Loans-to-deposit ratio rose 94% in 2018 from 89.6% the previous year.
Liquidity conditions will remain tight in Indonesia’s banking sector amidst heightened lending activity in the second half of the year after the April election, according to Fitch Ratings.
Indonesian banks’ loans-to-deposits ratio (LDR) rose to 94% in 2018 from 89.6% the previous year, reflecting the liquidity crunch which was partially a result of robust loan growth. Loans expanded to 11.8% from 8.2% over the same period with expectations that it could hover around 10% by year-end.
“Acceleration in loan growth could pressure liquidity if deposit growth continues to lag, with competition for deposits likely to intensify and raise overall funding costs,” Priscilla Tjitra, analyst, said in a report.
Medium-sized banks or those with a core capital of $351.79m (IDR5t) to $2.11b (IDR30t) faced the most severe liquidity crunch as they reported an average LDR of 103.4% from the previous year 96.8%.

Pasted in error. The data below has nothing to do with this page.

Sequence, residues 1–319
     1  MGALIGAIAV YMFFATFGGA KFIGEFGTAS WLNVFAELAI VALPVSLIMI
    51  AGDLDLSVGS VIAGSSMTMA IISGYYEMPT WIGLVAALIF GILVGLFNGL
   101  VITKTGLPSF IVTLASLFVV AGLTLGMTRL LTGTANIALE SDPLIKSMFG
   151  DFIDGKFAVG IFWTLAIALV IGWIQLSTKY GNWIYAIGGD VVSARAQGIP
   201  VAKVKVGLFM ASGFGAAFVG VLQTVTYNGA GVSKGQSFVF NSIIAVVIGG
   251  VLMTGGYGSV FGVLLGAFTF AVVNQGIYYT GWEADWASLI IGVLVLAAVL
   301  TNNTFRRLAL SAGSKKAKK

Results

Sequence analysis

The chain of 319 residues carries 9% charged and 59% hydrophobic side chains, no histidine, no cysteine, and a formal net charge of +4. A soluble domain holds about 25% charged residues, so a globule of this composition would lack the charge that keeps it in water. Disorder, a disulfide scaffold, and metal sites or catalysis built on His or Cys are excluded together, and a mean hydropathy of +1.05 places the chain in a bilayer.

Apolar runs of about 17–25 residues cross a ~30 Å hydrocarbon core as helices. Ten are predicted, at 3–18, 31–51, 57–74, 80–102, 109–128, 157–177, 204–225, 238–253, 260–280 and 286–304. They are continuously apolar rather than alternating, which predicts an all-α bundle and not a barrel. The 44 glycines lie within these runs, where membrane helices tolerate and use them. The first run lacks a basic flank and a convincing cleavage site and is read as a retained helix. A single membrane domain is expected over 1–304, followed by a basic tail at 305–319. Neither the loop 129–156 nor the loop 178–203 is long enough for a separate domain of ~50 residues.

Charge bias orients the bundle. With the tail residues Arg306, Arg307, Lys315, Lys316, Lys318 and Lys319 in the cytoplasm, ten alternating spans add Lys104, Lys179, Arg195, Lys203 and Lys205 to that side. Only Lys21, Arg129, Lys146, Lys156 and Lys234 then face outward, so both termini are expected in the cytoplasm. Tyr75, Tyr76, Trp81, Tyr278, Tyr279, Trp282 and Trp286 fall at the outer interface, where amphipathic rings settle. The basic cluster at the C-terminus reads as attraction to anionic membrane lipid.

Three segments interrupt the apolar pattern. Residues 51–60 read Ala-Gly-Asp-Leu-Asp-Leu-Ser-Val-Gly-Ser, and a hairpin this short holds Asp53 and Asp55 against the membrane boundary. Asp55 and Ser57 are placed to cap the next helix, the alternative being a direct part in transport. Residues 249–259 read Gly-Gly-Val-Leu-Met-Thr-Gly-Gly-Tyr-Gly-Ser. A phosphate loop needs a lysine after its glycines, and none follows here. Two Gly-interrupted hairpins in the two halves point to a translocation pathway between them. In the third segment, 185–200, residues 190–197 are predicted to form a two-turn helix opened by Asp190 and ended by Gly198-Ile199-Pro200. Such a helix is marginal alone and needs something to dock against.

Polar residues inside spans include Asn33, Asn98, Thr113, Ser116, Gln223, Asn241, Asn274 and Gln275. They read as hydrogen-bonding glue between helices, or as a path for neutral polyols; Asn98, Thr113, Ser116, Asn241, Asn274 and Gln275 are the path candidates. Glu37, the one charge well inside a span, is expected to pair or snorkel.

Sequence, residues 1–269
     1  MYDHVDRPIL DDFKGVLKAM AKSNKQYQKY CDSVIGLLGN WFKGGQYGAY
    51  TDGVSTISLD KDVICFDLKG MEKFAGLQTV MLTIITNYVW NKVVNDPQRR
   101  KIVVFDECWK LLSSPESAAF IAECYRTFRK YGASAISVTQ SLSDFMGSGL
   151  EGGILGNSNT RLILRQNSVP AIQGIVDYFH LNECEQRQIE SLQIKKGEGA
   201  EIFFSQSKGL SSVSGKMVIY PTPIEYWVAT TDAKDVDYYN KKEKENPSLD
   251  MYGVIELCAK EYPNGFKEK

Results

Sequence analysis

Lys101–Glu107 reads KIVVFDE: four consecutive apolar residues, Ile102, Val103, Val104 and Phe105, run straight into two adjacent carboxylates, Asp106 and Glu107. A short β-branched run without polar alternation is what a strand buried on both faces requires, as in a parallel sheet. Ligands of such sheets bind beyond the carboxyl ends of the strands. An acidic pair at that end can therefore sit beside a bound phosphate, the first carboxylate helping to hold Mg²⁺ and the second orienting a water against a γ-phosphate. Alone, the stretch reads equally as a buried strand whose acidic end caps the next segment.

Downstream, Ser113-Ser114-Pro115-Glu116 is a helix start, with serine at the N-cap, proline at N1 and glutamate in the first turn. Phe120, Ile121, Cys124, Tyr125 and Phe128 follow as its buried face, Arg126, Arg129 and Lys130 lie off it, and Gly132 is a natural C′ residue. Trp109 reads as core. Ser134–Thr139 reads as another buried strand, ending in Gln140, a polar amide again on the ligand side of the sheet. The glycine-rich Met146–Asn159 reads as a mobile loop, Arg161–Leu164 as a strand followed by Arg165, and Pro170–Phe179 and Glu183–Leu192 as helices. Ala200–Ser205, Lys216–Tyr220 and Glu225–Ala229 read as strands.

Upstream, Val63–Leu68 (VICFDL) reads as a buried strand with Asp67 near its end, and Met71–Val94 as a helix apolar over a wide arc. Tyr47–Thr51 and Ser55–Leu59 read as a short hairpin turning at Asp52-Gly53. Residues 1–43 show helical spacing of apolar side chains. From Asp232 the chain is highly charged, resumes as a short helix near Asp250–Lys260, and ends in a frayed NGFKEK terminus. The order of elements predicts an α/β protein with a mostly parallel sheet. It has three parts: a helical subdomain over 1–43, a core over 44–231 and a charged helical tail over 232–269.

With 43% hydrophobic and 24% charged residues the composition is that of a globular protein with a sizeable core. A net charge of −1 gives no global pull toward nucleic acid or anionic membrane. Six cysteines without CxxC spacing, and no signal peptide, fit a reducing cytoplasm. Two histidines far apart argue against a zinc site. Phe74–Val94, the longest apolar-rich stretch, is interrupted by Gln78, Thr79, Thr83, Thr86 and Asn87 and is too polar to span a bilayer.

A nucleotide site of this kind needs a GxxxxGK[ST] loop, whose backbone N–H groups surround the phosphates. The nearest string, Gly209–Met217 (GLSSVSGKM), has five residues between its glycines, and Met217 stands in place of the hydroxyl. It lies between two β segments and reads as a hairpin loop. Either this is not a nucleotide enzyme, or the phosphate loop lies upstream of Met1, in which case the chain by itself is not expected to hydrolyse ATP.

On the other hand, the five largest banks saw LDR ratios of 87.5%. “These five banks have significantly better deposit franchises than their smaller peers', commanding a 66% share of the industry's total current and savings account balances. This gives them a steady source of lower-cost deposit funding,” Tijitra added.
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